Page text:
Floors of dwellings and offices ... 70 lb per sq. ft.

,, ,, churches, theatres and ball-rooms 125 ,, ,, ,, „

,, „ warehouses . . . . 200 to 250 ,, ,, ,, „

,, ,, for heavy machinery . . 25010400 „ „ „ ^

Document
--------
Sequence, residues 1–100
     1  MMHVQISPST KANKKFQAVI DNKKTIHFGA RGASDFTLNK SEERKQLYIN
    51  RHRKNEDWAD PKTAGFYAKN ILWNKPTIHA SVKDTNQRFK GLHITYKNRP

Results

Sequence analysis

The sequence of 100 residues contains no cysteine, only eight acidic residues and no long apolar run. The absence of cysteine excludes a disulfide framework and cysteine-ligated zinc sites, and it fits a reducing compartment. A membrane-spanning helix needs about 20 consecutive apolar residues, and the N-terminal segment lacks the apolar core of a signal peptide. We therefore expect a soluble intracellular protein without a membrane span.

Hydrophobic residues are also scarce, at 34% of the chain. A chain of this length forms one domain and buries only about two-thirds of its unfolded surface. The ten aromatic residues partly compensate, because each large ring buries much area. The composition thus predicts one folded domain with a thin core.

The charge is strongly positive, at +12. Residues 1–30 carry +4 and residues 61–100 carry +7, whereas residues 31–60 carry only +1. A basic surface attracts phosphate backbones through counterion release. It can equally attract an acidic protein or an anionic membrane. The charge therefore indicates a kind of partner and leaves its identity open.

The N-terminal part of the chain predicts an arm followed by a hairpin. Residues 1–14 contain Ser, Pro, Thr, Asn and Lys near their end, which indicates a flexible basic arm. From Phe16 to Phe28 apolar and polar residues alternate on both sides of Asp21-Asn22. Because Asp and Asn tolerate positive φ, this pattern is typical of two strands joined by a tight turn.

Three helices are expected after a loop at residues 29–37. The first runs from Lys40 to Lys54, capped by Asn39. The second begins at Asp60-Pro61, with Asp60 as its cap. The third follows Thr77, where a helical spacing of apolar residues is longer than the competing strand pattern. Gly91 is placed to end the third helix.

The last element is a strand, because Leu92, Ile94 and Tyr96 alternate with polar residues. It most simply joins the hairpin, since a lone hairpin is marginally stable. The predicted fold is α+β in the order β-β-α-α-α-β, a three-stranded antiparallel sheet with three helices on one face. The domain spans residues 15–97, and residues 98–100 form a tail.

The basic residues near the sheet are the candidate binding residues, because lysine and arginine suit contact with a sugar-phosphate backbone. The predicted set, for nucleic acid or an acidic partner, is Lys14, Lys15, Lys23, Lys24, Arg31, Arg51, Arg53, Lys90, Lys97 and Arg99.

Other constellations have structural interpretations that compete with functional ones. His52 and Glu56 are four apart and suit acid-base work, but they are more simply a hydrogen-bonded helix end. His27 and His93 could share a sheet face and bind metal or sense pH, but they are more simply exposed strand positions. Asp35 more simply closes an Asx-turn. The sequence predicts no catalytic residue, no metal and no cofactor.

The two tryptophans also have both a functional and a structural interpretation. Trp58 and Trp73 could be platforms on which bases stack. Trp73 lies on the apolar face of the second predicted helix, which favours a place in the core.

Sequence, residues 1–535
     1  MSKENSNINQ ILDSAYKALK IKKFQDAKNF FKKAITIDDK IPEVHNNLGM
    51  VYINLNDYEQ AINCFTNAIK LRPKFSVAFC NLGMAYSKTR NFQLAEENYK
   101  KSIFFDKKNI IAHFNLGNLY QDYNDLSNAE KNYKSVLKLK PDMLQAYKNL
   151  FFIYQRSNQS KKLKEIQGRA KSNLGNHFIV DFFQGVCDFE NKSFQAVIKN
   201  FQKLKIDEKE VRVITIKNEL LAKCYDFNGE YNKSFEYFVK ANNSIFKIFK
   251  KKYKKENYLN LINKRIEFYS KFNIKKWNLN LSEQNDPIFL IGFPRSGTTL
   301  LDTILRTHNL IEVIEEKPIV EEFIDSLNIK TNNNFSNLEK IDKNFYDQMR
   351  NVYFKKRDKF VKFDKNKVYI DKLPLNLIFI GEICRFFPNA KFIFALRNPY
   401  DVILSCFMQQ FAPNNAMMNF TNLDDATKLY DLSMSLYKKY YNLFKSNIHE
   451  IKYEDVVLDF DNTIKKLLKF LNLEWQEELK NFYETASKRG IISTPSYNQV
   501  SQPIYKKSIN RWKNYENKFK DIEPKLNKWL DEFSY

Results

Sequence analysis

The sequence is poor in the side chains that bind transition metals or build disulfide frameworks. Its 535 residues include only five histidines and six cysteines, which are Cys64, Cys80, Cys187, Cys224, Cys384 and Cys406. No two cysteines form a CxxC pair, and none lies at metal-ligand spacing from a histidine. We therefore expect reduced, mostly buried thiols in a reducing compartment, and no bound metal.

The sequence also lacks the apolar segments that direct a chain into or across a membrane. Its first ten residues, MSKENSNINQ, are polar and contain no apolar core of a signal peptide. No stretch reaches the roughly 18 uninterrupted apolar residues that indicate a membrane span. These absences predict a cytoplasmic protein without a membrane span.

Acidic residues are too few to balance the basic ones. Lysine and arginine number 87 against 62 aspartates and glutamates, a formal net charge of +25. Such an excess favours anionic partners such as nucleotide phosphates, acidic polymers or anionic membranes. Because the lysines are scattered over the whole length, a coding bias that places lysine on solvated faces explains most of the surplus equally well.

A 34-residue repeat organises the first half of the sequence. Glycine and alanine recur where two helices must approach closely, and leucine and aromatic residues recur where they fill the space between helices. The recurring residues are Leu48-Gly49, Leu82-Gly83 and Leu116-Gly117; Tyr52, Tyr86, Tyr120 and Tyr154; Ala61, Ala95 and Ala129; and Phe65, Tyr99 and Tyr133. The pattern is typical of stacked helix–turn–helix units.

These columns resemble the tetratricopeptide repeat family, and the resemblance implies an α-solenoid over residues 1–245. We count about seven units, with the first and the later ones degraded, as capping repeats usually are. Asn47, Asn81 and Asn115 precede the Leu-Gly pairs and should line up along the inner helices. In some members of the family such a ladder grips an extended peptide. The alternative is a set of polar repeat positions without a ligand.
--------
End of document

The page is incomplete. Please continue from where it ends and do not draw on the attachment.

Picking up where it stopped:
The relation between the velocity of wind and the pressure exerted upon surfaces must be considered in steel construction, and designers differ in regard to the forces to be Wtarf resisted and the material to be used. Every building bracing. offers its own peculiar condition; the height, width, shape and situation of the structure, and " character of the enclosing walls, will determine the amount of wind pressure to be provided against, and the internal appearance and the plan- ning of the various floors will largely influence the manner in which the bracing is to be treated. There are many and varied forms of bracing, each designer adopting methods peculiar to his own ideas. One form consists of adjustable diagonals, rods or bars, properly fastened to the columns in the building; these diagonals may run through one floor and be attached to the columns at the floor above. Another form is known as portal bracing; this is usually braced between adjacent columns in halls or passage-ways and extends from the foundations up from floor to floor to such a height that the stability of the